Healthy Life – Healthy Heart

You’ve heard it before and you’ll hear it again and again – get healthy. Sounds simple enough, but you know from experience it’s not. It takes time and effort to be healthy and with all that’s going on in your life, you may already feel like you’re burning the candle at both ends just to keep up. You’re not alone; lots of women feel that way. Unfortunately, your heart may be a ticking time bomb that’s shortening that candle with every passing day.

Heart disease is a leading cause of death in women and your risks go up with menopause. Developing heart disease could shorten your life span considerably and limit your abilities during your remaining years. Put that way, it makes it more imperative that you take steps now to be healthy – no matter how busy you are – while you still have a chance to try to prevent heart disease or reverse some of its effects.

Get an overall check-up.

First and foremost, take time to schedule a visit with your doctor. Get a head-to-toe and well-woman examand go over any and all health concerns you may have. Discuss menopause, your risks for heart disease, and any known personal or family risk factors. Talk about your weight, blood pressure, cholesterol numbers, and blood sugar levels. If you have any underlying health issues and take any medications or supplements, talk about those, too. The more information you and your doctor have, the better able you’ll be to work together to make you as healthy as possible.

Make an effort to break bad habits.

There are several bad habits that could be increasing your risks for heart disease. Besides diet and exercise issues, they include smoking, not getting enough sleep, ignoring sleep apnea, staying stressed, and not making regular visits to your primary care physician, optometrist, dentist, and other specialists.

It can seem overwhelming if you try to change everything all at once, so prioritize and take it one at a time. The sooner the better, of course, so don’t let yourself fall into a lackadaisical plan filled with excuses.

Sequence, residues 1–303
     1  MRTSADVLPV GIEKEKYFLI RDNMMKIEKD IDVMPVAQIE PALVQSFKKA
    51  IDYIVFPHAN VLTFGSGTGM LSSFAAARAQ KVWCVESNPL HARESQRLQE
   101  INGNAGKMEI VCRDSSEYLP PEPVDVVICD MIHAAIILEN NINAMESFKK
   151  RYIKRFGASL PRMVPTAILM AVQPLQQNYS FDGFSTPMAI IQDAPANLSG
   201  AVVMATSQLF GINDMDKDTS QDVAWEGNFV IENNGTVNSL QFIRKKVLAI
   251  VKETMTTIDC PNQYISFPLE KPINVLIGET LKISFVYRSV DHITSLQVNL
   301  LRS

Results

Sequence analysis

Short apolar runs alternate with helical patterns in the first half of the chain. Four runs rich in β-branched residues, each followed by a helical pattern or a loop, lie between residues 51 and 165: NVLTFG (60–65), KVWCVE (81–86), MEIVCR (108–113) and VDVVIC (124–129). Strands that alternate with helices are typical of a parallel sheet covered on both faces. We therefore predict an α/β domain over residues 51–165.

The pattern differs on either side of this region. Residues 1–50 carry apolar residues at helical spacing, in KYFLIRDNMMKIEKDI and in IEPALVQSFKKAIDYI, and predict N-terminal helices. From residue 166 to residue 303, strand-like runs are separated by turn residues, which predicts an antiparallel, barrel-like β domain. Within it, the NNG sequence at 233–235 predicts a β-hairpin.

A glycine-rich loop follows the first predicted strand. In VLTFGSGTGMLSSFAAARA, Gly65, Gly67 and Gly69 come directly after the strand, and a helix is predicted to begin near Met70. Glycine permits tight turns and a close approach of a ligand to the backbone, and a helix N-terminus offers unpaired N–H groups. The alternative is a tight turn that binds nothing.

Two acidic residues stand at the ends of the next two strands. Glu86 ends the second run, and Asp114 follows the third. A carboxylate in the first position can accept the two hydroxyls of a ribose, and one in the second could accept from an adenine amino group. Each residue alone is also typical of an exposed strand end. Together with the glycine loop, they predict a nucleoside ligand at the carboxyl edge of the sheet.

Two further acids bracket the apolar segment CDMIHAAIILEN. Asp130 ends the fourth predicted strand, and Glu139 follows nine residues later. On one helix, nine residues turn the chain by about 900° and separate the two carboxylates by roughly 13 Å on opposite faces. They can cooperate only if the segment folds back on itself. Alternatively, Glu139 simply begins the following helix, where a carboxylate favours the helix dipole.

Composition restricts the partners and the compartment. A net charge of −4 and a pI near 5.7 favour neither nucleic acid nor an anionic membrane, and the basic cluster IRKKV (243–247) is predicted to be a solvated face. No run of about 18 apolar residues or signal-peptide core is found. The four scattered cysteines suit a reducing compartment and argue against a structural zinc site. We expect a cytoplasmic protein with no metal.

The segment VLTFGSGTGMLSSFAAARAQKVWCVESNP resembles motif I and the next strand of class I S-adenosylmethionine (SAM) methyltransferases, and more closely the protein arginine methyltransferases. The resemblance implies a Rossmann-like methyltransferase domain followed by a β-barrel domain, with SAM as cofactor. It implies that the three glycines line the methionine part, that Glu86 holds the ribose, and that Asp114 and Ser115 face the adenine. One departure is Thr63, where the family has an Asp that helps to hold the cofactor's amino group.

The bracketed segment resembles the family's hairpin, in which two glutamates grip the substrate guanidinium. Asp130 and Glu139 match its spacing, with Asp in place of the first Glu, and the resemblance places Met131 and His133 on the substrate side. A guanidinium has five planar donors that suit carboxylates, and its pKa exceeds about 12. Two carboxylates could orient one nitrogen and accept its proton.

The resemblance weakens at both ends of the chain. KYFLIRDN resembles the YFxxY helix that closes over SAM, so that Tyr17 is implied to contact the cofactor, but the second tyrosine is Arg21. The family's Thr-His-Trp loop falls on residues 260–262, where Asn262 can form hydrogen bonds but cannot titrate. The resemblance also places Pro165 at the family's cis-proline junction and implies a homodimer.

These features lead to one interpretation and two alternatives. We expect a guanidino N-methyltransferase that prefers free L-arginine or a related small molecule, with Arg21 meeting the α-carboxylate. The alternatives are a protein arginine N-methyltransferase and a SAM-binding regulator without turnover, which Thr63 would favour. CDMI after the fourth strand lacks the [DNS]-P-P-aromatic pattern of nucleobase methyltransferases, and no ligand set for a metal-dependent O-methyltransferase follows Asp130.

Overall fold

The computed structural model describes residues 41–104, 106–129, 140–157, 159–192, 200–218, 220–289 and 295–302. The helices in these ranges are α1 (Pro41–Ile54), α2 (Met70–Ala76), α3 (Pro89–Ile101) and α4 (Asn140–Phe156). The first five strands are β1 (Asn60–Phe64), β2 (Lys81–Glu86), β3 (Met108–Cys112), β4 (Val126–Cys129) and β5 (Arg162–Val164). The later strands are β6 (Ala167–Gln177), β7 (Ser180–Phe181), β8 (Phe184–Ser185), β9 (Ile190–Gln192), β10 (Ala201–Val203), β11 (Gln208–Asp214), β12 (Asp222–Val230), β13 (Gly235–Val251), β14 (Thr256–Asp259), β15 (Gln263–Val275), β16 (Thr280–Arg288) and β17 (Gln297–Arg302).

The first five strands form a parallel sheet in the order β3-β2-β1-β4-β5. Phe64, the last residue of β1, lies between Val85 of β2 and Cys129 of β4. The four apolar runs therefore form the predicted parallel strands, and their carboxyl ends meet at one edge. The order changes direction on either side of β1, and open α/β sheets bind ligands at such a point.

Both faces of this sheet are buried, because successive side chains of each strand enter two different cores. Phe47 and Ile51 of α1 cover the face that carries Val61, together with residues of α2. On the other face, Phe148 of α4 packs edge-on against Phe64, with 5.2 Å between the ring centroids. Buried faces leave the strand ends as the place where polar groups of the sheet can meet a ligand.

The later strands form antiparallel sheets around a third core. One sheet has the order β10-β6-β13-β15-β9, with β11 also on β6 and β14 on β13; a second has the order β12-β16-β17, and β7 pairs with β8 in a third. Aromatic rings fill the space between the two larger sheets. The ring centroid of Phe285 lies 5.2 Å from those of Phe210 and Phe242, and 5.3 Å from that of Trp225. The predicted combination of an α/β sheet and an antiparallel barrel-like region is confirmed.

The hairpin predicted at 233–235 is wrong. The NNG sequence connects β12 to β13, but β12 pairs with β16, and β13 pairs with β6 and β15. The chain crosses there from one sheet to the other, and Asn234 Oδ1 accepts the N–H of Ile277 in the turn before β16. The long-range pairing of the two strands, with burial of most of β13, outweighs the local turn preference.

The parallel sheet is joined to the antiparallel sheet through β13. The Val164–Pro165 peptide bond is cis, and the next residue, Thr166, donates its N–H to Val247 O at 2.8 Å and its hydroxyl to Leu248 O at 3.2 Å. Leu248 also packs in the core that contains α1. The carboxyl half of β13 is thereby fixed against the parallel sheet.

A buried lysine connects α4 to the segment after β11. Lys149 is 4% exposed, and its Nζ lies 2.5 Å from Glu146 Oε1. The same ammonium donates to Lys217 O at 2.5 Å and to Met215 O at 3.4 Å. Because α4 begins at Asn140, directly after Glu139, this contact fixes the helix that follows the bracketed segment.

Revamp your diet and exercise plans.

You likely know the basics, but following them does take some effort. When you’ve had a long day, it can be too easy to use the drive-thru to pick up dinner and then eat it in front of the TV. But it’s really important that you eat healthy and get some regular exercise.

If you need to, start slowly. Pack a lunch so you can control your choices and portions. Park farther from the door to work a bit of exercise into your schedule. Those don’t take much time but add a bit of health to your day. Start walking every day and you may be surprised at the results. It can boost your mood and energy and let you think more clearly, making it well worth the time and effort.

Connect with people.

Spending time with family and friends is healthy for you. It can be relaxing, build your self-esteem, and give you opportunities to enjoy yourself. Connecting with others can also lead to less anxiety, depression, and stress, all of which are harmful for your heart.

Your family and friends can also encourage you to eat well, exercise with you, and keep you on track with healthy habits. You can in turn help them do the same.

Take time to relax.

As relaxing as it can be to spend time with family and friends, you may also need to build some time into each day to be alone. You can combine it with a walk in the park, taking a bubble bath, or reading a good book.

What’s important is to learn relaxation techniques that you practice regularly so your mind and body can de-stress. You’ll feel better which in turn makes it easier to practice the healthy lifestyle that’s necessary for a healthy heart.


This content was written by staff of by non-medical professionals based on discussions, resources and input from other patients for the purpose of patient-to-patient support. Reprinted with permission: Healthy Life – Healthy Heart

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